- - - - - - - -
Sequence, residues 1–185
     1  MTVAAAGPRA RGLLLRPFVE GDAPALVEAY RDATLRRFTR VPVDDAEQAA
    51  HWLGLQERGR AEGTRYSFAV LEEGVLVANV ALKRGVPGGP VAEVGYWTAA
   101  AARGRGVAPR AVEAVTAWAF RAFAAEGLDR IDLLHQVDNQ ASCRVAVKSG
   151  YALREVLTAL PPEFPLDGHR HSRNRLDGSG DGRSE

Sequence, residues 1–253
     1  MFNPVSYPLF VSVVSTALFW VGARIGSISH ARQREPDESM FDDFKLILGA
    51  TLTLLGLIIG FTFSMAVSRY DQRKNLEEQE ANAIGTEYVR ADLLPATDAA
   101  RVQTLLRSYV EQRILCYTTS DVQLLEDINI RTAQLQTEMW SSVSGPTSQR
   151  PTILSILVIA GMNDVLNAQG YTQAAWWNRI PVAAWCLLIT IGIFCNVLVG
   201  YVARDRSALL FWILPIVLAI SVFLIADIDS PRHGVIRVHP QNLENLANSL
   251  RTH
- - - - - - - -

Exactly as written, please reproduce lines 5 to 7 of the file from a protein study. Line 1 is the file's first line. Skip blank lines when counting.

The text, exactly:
   151  YALREVLTAL PPEFPLDGHR HSRNRLDGSG DGRSE

Sequence, residues 1–253
     1  MFNPVSYPLF VSVVSTALFW VGARIGSISH ARQREPDESM FDDFKLILGA